Re "Despite pension, Parks warns of cost," May 21
I read the article twice with growing disbelief. No wonder L.A. is broke ... the numbers are staggering. No one doubts that Bernard C. Parks and others have earned pensions for their service, but the amount is unbelievable, particularly because he is taking it while earning a second salary. Shouldn't there be a provision that defers the start of a pension if one is still gainfully employed by the same government agency? Is it possible that this man is working on reform? He has lost my confidence.
I think I can fix the budget problem in 30 seconds.
CalPERS, the state's public pension fund, has about $180 billion. Cut everyone's pension (including mine) by enough to pay down the deficit from the CalPERS stash.
Adopt a sensible budget on July 1, and in the good years (that always occur) use the surplus to pay back CalPERS and its pensioners.
I'm willing to take a hit now if the state guarantees to pay me back in the future -- with interest.
The writer is in the department of mathematics at Cal State Long Beach
Parks warns of soaring payroll and pension costs yet draws a retirement benefit of $22,000 a month.
I am in favor of good retirement benefits for police and fire personnel; theirs is a difficult and dangerous job. But there are many people such as Parks who are telling us all we need to tighten our belts, but they do not seem to be tightening their own.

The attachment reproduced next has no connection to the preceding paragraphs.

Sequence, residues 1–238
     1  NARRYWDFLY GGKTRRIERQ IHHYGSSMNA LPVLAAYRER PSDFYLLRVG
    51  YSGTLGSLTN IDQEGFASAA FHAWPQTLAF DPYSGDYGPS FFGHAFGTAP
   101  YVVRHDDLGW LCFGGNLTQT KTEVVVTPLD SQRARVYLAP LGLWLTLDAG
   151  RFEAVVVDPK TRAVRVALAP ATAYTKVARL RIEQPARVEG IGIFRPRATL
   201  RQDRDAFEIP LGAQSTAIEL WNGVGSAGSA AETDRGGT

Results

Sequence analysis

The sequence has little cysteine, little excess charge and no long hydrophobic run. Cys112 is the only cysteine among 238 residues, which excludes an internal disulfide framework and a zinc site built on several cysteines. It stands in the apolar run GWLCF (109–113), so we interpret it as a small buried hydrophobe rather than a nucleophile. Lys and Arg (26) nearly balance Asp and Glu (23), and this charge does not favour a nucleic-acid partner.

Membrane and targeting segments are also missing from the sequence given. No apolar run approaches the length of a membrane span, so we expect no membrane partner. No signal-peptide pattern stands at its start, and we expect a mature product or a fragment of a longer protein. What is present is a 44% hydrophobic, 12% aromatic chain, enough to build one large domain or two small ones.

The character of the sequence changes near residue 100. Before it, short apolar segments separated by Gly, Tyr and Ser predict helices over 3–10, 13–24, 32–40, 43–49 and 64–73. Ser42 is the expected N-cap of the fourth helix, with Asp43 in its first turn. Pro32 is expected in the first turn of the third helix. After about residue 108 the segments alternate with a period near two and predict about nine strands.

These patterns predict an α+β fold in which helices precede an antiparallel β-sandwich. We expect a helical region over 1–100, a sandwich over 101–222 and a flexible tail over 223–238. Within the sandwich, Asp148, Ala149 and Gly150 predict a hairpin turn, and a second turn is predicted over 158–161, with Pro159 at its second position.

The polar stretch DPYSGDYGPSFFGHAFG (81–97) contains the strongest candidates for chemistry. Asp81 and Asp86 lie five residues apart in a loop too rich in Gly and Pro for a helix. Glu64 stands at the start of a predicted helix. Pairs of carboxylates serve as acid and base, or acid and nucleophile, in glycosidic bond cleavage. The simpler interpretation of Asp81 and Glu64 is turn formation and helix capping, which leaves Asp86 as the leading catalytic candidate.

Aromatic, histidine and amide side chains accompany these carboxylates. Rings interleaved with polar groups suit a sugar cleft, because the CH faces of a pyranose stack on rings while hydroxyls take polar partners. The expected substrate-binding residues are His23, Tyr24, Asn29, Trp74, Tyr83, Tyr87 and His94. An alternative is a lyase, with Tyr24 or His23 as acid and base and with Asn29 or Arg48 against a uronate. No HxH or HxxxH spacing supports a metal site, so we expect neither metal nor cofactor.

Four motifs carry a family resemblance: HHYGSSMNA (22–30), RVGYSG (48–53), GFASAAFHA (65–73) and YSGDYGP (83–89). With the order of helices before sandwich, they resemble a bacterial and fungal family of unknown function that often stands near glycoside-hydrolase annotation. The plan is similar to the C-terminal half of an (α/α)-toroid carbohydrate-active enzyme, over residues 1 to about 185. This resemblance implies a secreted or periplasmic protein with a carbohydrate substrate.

Retiring at 90% of one's salary, and collecting a current salary, is egregious.
The average city employee pension is one thing, but that is truly repulsive. Please continue to publicize the facts about government pensions, and please investigate L.A. County and California state pensions as well. I would like to know how much they are costing California.
Our leaders are always pleading poverty, then making cuts to schools and other public services.
The cuts should begin with their own cushy salaries, like Parks'. Why do they need so much money if they are retired?
As senior citizens, we survive on about $30,000 -- yearly.
South El Monte
Here's a proposition we can all vote for: no double dipping. Choose your pension, but you get only one.
While the rest of the citizens of Los Angeles pay more in taxes and get less in services, those who make the rules just keep cashing in.
Whoever said crime doesn't pay was never an ex-L.A. chief of police and current L.A. councilman.